Malaysia Keeps a Foot in the Door of Sudanese Oil Coffers
Date: Tuesday, April 24, 2007
After a recent visit to a refugee camp in Darfur, accompanied by Sudan’s energy minister, Prime Minister Abdullah Ahmad Badawi of Malaysia told reporters that “We must commit ourselves to help in any way we can. I have decided that I should approach the leaders of [the] Organization of Islamic Conference and [the] Islamic Development Bank to extend whatever help that can be given to the government of Sudan.” Abdullah is chairman of the 57-nation Organization of Islamic Conference, the world’s largest Islamic body.
“They need schools and water supply. They also need medical aid,” he said. “They also want to be reassured that they can live in peace and that is why there is a need for security. If all this is done, the people can be motivated to leave the camps.”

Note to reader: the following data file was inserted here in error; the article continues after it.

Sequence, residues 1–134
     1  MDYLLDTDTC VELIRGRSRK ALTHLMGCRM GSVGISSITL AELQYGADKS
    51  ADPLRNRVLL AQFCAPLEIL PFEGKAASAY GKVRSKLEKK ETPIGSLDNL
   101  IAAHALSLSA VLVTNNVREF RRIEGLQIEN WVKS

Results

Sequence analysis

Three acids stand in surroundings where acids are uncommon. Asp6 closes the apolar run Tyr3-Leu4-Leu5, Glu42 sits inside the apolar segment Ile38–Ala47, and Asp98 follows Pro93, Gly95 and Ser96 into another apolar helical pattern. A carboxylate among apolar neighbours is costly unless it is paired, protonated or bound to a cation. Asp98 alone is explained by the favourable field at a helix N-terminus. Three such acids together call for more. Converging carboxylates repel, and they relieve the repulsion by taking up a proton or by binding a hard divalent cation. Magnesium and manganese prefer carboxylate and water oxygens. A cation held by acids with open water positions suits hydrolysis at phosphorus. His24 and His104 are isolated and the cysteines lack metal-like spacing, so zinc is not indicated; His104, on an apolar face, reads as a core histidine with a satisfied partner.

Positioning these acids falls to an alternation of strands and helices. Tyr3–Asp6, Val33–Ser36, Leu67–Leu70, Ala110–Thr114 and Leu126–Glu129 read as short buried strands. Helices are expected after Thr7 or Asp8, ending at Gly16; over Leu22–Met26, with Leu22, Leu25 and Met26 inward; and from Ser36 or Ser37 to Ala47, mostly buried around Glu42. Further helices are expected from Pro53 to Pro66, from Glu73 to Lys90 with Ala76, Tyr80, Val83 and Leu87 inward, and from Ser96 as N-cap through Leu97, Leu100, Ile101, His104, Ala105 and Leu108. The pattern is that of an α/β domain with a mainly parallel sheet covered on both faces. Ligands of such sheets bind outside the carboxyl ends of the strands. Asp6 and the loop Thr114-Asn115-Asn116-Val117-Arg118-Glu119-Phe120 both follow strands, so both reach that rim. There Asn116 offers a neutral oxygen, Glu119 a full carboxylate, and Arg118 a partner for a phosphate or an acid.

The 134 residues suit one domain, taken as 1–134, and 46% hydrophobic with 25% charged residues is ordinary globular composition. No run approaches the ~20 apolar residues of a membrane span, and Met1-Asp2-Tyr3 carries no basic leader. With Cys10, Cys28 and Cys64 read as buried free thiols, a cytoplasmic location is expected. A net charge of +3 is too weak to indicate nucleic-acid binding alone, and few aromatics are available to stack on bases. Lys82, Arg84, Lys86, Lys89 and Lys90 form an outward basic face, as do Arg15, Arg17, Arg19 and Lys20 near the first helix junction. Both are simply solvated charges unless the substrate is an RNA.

The prime minister’s visit followed bilateral meetings in Khartoum where he voiced support for Sudan’s government and his hope that the West would not impose sanctions on Sudanese firms.
Hassan Merican, head of Petronas, Malaysia’s state oil company, also accompanied Abdullah on his visit to Khartoum. The company has been seeking access to its oil concessions in Sudan’s semi-autonomous south, where the government recently set new terms.
Petronas has interests in nine oil fields in Sudan as well as a refinery project in Port Sudan, all in partnership with the Sudanese state. For the year ended March 2006, the company pumped 81,600 barrels of oil from Sudan, which comes to a fifth of its total international oil and gas production.
Malaysia is the second-largest investor in Sudan after China, according to the local New Straits Times.
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